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Twitter plans crackdown on developers & organizations exploiting data for surveillance

Over the next several months, Twitter will embark on a crackdown on developers building surveillance tools to track protesters and activists, the company said this week in announcement.

Using Twitter's public APIs and Gnip enterprise data for surveillance is already banned under official terms, and can lead to suspensions or outright termination of access to the material, the company noted. To address abuse cases, it's planning "expanded enforcement and compliance efforts," among them dedicating more resources to investigating and acting on complaints.

Twitter has often been used by dissidents, some examples being uprisings in Egypt, Iran, Tunisia, and Ukraine, as well as more persistent movements like anti-corporate protests or Black Lives Matter. As the social network has expanded though, various firms have created tools that can be used to monitor people —including trends and locations —and supply that data to law enforcement and spy agencies, chilling the ability to speak out.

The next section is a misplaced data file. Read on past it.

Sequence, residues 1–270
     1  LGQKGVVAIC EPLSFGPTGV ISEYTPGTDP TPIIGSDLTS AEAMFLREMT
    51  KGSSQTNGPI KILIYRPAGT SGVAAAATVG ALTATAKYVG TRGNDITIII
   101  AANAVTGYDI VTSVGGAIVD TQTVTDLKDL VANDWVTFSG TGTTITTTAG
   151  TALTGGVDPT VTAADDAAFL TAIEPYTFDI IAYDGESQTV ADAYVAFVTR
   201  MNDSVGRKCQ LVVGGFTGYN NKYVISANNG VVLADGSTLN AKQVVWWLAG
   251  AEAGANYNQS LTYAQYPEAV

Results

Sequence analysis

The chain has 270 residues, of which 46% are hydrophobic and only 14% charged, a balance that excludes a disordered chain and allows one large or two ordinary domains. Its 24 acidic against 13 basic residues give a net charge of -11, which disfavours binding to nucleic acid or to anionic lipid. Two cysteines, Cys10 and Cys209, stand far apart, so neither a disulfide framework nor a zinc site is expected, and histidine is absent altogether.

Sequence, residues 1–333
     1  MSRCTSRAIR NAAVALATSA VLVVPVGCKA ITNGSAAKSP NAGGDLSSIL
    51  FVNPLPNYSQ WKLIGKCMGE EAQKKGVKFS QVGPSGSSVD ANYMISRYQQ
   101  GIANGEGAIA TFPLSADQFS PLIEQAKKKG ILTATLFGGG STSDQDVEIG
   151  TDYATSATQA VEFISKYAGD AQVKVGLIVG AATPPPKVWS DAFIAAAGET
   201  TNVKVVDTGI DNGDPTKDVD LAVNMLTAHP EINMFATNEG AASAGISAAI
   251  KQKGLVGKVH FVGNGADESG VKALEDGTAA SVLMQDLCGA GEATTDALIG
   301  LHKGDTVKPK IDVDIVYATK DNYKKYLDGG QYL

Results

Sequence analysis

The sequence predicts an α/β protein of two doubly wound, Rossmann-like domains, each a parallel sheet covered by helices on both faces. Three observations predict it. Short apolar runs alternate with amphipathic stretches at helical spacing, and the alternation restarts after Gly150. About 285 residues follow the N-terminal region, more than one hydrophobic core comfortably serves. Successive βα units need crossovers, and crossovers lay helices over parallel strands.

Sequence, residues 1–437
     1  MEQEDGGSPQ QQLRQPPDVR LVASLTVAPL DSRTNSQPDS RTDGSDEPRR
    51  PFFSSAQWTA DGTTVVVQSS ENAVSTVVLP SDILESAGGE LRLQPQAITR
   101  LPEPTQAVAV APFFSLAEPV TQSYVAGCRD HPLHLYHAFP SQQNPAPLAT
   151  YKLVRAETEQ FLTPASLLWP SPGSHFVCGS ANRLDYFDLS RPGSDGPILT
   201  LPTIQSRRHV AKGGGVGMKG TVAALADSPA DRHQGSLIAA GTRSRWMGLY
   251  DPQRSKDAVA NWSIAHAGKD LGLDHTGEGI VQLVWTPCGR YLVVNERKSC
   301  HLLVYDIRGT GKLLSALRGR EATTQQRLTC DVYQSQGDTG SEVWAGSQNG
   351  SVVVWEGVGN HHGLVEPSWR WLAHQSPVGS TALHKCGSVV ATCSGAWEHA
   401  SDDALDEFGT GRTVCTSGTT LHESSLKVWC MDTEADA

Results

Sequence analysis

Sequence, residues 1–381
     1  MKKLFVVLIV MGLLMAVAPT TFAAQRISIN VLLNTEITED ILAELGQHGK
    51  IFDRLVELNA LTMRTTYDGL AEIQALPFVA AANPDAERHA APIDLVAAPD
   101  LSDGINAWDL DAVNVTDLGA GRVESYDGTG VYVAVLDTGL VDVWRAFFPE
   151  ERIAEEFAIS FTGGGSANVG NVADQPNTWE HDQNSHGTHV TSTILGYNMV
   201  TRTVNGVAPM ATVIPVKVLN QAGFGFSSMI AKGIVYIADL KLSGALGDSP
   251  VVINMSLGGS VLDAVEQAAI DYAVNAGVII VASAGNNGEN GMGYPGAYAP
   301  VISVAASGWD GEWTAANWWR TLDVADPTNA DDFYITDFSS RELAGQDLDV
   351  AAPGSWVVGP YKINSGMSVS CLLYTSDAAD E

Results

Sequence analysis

In October Twitter suspended one such firm, Geofeedia, from access to its commercial data, after the American Civil Liberties Union called attention to police using the material to monitor protesters against police violence in Baltimore and Ferguson. Earlier in 2016, it tried to limit U.S. spy agencies' data access through a firm called Dataminr.

Twitter has struggled to find its footing in the past year, thanks to high-profile departures and investor concerns about its ability to grow and turn a profit. However, on Tuesday night, the company accidentally temporarily suspended the account of its own CEO, Jack Dorsey.